“Be sure,” said Minetti to the waiter, “that we have plenty of anisette and cognac in the coffee.”

The man flicked a towel rather contemptuously and made no answer.

“Now,” Minetti continued, turning a mocking face toward Fernet, “what can I do for you, my friend?”

Fernet was filled with confusion. “I ... you ...” he stammered. “Really, there is nothing. Believe me—”

“Nonsense,” interrupted Minetti. “You wish to know who killed Suvaroff. But I warn you, my friend, it is a dreadful thing to share such a secret.”

He looked at Fernet intently. The younger man shuddered. “Nevertheless, I should like to know,” Fernet said, distinctly.

“Well, then, since you are so determined—it was I who killed him.”

Fernet stared, looked again at the hunchback’s puny wrists, and began to laugh. “You! Do you take me for a fool?” And as he said this he threw back his head and laughed until even the billiard-players stopped their game and looked around at him.

“What are you laughing at?” asked the hunchback, narrowing his eyes.

Fernet stopped. He felt a sudden chill as if some one had opened a door. “I am laughing at you,” he answered.

“I am sorry for that,” said Minetti, dryly.


The hunchback leaned forward confidentially. “Because I kill every one who laughs at me. It—it is a little weakness I have.”

The waiter came with two glasses of steaming coffee. He put them down on the table, together with a bottle of cognac and a bottle of anisette.

“Ah, that is good!” cried the hunchback, rubbing his hands together. “The proprietor is my friend. He is going to let us prepare our own poison!”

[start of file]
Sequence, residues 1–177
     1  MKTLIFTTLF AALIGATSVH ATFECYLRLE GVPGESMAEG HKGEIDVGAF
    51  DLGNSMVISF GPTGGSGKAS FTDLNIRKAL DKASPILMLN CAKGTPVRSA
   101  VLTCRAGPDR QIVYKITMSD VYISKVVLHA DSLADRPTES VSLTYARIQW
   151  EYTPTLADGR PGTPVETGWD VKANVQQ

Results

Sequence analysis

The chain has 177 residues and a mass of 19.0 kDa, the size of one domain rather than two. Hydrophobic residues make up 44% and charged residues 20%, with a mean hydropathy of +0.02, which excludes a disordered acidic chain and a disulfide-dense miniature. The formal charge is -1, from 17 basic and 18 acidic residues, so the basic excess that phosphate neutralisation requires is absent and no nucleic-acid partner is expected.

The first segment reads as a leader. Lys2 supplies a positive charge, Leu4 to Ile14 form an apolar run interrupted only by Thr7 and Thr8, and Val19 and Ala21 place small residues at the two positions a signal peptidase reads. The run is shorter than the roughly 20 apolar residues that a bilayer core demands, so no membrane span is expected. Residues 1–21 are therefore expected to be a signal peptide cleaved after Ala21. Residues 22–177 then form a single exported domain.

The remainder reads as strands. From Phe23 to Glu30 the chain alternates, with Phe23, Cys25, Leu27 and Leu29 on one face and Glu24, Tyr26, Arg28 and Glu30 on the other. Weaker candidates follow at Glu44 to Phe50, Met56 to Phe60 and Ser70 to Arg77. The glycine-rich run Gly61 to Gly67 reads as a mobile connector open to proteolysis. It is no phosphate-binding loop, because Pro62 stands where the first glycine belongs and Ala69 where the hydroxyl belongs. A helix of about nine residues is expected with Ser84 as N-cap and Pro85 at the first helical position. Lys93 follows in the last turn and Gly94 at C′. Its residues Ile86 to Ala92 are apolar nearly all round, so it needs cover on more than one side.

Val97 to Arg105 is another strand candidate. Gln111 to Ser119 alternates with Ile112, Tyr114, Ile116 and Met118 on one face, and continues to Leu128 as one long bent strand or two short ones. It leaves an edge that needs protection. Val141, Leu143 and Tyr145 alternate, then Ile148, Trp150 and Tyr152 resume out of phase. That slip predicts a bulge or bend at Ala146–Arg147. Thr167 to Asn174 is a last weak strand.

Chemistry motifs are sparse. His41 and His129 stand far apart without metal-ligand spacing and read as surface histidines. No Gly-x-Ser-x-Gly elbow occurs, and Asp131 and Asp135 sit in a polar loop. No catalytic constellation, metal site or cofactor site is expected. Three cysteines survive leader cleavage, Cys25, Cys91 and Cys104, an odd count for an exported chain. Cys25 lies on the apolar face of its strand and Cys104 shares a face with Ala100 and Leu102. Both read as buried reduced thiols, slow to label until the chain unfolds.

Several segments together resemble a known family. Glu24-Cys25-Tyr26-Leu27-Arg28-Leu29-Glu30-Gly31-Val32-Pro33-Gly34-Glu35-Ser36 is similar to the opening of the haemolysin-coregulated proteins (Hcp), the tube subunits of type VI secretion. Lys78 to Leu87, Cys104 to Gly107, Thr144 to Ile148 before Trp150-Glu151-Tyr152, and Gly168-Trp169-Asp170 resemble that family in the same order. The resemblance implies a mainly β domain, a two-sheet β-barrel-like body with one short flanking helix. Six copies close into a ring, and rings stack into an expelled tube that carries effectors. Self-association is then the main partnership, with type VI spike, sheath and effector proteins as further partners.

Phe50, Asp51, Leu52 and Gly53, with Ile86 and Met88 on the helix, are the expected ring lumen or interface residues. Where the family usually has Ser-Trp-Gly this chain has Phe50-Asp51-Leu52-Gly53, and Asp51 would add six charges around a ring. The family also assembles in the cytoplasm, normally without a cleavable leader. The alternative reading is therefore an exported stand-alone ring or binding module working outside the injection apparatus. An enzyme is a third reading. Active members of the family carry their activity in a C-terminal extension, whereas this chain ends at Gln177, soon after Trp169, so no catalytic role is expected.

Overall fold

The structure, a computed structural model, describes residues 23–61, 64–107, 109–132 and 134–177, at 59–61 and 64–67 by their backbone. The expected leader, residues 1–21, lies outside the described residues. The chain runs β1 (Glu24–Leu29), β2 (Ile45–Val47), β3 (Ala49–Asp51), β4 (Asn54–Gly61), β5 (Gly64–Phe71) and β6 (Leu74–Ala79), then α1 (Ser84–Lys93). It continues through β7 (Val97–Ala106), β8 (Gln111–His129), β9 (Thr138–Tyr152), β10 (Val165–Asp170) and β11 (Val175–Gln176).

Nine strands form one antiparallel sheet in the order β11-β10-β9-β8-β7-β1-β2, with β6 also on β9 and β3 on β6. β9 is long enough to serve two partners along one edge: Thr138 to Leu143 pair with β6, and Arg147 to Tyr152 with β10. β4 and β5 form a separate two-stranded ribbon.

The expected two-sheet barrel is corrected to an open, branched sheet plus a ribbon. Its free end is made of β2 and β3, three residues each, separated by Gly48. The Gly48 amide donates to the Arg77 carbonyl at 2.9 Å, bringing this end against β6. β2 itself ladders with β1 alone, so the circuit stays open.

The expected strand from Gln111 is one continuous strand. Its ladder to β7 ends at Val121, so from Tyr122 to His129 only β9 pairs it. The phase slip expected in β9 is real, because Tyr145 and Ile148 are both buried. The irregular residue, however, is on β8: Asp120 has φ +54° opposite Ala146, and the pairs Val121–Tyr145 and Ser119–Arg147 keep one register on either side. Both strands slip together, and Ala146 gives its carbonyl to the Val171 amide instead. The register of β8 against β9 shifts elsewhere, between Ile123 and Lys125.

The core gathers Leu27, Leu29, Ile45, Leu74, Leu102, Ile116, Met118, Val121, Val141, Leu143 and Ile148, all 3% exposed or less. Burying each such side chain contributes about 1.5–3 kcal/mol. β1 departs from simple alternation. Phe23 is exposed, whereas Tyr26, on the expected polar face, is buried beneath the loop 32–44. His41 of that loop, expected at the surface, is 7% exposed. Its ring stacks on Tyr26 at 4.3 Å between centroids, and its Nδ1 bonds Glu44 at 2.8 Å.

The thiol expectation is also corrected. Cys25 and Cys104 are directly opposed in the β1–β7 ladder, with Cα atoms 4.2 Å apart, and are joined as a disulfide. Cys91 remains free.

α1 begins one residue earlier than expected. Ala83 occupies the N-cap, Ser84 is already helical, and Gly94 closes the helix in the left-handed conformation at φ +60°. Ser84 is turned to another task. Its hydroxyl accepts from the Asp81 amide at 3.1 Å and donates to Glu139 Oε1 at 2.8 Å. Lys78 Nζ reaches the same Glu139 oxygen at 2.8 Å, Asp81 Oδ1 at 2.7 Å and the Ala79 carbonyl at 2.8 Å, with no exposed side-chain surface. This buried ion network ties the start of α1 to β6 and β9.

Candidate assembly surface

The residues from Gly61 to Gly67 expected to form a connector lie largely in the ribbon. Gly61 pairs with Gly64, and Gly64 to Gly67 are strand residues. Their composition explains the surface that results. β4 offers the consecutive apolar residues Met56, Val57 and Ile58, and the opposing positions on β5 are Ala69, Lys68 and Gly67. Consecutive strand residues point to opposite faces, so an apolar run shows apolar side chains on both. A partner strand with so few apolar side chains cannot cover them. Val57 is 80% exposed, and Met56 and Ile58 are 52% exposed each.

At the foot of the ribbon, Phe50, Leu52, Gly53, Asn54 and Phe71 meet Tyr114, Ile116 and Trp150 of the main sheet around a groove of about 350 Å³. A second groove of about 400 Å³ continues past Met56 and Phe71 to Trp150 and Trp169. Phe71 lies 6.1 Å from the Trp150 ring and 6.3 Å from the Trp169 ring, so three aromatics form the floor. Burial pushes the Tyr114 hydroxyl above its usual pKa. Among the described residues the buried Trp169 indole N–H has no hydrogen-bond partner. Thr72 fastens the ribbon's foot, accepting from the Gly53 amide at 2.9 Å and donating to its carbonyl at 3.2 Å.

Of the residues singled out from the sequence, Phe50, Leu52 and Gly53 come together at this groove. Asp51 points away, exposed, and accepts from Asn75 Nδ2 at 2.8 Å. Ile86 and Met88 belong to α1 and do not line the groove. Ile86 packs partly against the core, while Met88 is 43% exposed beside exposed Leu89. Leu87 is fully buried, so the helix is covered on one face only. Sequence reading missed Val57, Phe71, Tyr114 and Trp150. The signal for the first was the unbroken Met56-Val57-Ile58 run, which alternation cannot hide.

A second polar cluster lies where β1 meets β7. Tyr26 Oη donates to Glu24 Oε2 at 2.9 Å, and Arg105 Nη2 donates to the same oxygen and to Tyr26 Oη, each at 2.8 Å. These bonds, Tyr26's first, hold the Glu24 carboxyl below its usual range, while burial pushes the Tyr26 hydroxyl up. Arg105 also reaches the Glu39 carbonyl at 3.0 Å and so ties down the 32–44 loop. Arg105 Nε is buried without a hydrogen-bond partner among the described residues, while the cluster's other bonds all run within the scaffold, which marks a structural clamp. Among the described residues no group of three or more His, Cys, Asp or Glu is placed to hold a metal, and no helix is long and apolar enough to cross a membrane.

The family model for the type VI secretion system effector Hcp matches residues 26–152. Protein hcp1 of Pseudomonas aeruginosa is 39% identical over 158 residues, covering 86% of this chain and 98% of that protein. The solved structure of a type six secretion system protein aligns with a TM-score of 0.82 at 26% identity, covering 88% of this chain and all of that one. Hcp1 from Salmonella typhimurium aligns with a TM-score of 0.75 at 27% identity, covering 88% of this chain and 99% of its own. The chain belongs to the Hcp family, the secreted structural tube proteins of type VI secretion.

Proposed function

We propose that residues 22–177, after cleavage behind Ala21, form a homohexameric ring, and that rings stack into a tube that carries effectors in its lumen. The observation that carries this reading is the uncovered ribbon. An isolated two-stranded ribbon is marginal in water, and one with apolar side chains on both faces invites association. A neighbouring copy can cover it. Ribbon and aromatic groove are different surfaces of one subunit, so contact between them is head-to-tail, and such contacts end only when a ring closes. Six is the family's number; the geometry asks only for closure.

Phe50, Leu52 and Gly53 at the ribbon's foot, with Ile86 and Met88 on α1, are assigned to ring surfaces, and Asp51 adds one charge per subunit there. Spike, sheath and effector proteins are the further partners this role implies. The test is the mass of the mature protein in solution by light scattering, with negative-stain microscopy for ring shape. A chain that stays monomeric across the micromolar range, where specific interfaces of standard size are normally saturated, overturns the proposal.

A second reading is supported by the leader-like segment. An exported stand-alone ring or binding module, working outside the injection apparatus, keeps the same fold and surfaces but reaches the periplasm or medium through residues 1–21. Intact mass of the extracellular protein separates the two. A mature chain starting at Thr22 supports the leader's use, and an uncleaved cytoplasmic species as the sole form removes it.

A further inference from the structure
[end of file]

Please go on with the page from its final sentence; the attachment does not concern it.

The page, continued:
Fernet felt himself shivering. “Come,” he thought, “this will never do! The man is either mad or jesting.” He reached for the anisette.

“Let me pour it for you,” suggested Flavio Minetti. “Your hand is shaking so that you will spill half of it on the floor.”

The hunchback’s voice had a note of pity in it. Fernet relinquished his hold upon the bottle.

“Don’t look so frightened,” continued Minetti. “I shall not kill you here. The proprietor is a friend of mine, and, besides—”

“What nonsense!” cried Fernet, with a ghastly smile. “But I must confess, you did make my blood run cold for a minute.”

Minetti stirred some cognac into his glass. “And, besides,” he finished, coldly, “I give everybody a sporting chance. It adds to the game.”


That night André Fernet was restless. He lay on his bed looking out at the blinking lights of the harbor. “I must stop drinking coffee,” he muttered to himself.

Finally he fell asleep, and when he did he had a strange dream. It seemed that the pepper-tree outside his window suddenly began to move in the night breeze and its long green boughs became alive, twisting like the relentless tentacles of a devil-fish. Its long green boughs became alive, crawling along the ground, flinging themselves into the air, creeping in at André Fernet’s open window. He lay upon the bed as he had done earlier in the evening, watching the harbor lights. Slowly the green boughs writhed over the faded carpet, scaled the bedpost and fell upon the bed. André Fernet waited, motionless. He felt the green tentacles close about his legs, clasp his hands, slide shudderingly across his throat. Yet he made no move to free himself. It was only when he felt a breath upon his cheek that he turned slightly, and instead of the tentacle-like boughs of the pepper-tree he fancied himself staring down at the hands of Flavio Minetti.... He awoke with a start. The sun was pouring in at the open window. He got up quickly. A noisy clatter issued from the passageway. Fernet opened his door. Two men were carrying a trunk up the stairs. Pollitto, the beggar, walked behind.

“Ah, I see you have rented your front room,” said Fernet, stepping out.

“Yes,” returned the other. “It was taken as early as six o’clock this morning—by a hunchback.”